I have moved the relevant information into the main text and added some context. I would suggest that this is the way such information should be handled in the future, not as footnotes embedded in the list of roles or the list of musical numbers. (A separate section on musical elements would also be appropriate if there is more to say, but as it's just one paragraph, I embedded it in the Background section.) Furthermore, the statement (in the original footnote) that the E naturals are played in the orchestra was incorrect. This passage is unaccompanied. Marc Shepherd 15:45, 15 August 2006 (UTC)
Odd. Could have sworn the score had a piano part. Adam Cuerden 16:55, 15 August 2006 (UTC)
I'm not sure what Marc means -- in the P/V score the E's are certainly played. But the note reads nicely now, so who cares. --Ssilvers 17:46, 15 August 2006 (UTC)
If you listen to a recording, you'll find that the orchestra isn't playing. I suspect it's in the P/V as a rehearsal aid. Marc Shepherd 18:02, 15 August 2006 (UTC)
Or just a traditional cut-of-accompaniment. I mean, having the orchestra play under the chanting is a rather awkward idea if you can find some other way to keep the police in tune. Adam Cuerden 20:54, 23 August 2006 (UTC)
I've just checked. The orchestration has no accompaniment. The Chappell vocal score cues the first E-natural in the piano, which I'm sure was put there only for rehearsal purposes. It could also be useful in a production with weak singers, but that's not how Sullivan intended it to be heard. Marc Shepherd 01:22, 24 August 2006 (UTC)

Hi, Why does this article make absolutely no mention of the work "Queen Victoria March," also known as "To Queen Victoria's Name We Bow" being included in the original work?

See here and scroll down, or even listen to it:

It is not include in the "original" work, although it was included in the single (on book) copyright performance in Paignton. There is a lot in the Paignton draft that is not included in the others and was never performed again. -- Ssilvers 05:09, 4 December 2006 (UTC)

Important Omission[edit]

This is the original research by Kevin Wachs on the subject - it MUST be added to the article, I think

I seriously considered this. I didn't include Wachs's research for the same reason I didn't include my own. Although both are available on websites, both fall into the category of "new research" that doesn't yet have broad acceptance in the G&S community. To present Wachs's view, my view, and the Tillet/Spencer view would take the article far afield from its core subject matter. There is one paragraph addressing all of this (the 3rd paragraph under "background." This, I think, is about as far as the article should go. Marc Shepherd 14:08, 15 September 2006 (UTC)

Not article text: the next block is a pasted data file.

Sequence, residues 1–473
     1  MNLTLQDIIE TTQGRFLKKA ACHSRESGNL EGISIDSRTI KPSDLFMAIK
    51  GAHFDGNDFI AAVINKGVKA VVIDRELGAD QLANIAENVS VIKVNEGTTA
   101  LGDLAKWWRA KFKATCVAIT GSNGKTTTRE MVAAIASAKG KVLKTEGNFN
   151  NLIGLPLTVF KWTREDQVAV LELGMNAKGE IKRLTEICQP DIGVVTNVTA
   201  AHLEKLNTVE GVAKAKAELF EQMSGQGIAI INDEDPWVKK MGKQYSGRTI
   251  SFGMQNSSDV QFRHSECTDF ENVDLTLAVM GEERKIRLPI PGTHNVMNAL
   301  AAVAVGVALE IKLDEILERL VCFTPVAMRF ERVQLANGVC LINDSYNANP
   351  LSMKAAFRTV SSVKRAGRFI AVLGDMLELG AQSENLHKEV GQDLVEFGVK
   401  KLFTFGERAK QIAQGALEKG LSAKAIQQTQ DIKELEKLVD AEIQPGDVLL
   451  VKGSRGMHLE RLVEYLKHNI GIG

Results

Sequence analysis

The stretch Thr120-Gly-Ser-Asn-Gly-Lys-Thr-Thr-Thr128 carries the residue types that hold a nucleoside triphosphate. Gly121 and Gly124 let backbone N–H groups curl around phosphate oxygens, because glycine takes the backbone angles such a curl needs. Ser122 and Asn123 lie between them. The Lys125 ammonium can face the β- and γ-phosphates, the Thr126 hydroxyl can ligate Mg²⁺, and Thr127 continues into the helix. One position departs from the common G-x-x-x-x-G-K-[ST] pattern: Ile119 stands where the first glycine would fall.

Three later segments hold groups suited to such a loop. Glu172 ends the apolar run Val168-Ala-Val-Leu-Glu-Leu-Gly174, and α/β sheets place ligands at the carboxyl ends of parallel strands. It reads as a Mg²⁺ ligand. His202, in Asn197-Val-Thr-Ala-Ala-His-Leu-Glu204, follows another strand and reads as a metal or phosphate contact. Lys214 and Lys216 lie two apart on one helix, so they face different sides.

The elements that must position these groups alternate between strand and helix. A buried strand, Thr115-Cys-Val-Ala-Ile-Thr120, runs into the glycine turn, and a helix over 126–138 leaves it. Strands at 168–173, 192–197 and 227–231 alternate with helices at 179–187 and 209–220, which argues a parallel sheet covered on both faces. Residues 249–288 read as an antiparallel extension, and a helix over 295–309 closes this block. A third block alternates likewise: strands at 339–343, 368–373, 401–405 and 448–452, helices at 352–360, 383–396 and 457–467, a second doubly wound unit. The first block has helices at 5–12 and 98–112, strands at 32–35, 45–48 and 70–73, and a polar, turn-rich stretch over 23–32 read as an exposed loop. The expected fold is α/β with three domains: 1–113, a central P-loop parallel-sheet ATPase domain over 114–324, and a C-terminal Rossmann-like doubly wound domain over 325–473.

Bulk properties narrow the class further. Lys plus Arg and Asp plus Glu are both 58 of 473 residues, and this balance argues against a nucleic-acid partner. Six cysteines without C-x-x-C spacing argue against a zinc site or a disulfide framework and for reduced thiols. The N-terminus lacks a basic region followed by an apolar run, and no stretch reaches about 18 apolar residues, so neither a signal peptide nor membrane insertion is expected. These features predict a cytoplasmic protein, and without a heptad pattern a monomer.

Sounds good. There is nothing wrong with adding the "External link" to each article, however, for anyone who wishes to do further reading. Instead of saying "Kevin Wachs article", however, perhaps it should say "2005 article from GASBAG entitled ...."? -- Ssilvers 18:00, 15 September 2006 (UTC)

Origin of the phrase "copyright piracy"[edit]

The article now states: "American companies quickly mounted unauthorized "pirated" productions..." as if the word piracy was already in use for copyright infringement and in 1880.

  • When did the word gain this secondary meaning?
  • Did The Pirates of Penzance have any effect in the adoption of this meaning?

-- Petri Krohn 18:56, 4 October 2006 (UTC)

As far as I can tell, references to the "pirating" of stage works was already in use. -- Ssilvers 01:42, 17 October 2006 (UTC)

The OED dates the sense "A person or company who reproduces or uses the work of another (as a book, recording, computer program, etc.) without authority and esp. in contravention of patent or copyright; a plagiarist. Also: a thing reproduced or used in this way." from 1603. OK, it doesn't specifically mention a stage-work, but I think it would include it. --ColinFine (talk) 22:37, 24 May 2009 (UTC)
Our own article on Thomas Arne quotes him asking people not to "give any Encouragement to pirated copies, written or printed", in 1741 or thereabouts, and he is definitely talking about his own operas, songs and other works. -- Derek Ross | Talk 21:41, 25 May 2009 (UTC)

Frederic's age when he reaches his 21st birthday[edit]

The play is set in Queen Victoria's time, so if Frederic lives to his eighties, his lifespan will include 1900 which was not a leap year, so he won't have a birthday for the eight years between 1896 and 1904. Therefore he won't have his 21st birthday until he is 88 years old. Jess Cully 23:53, 16 October 2006 (UTC)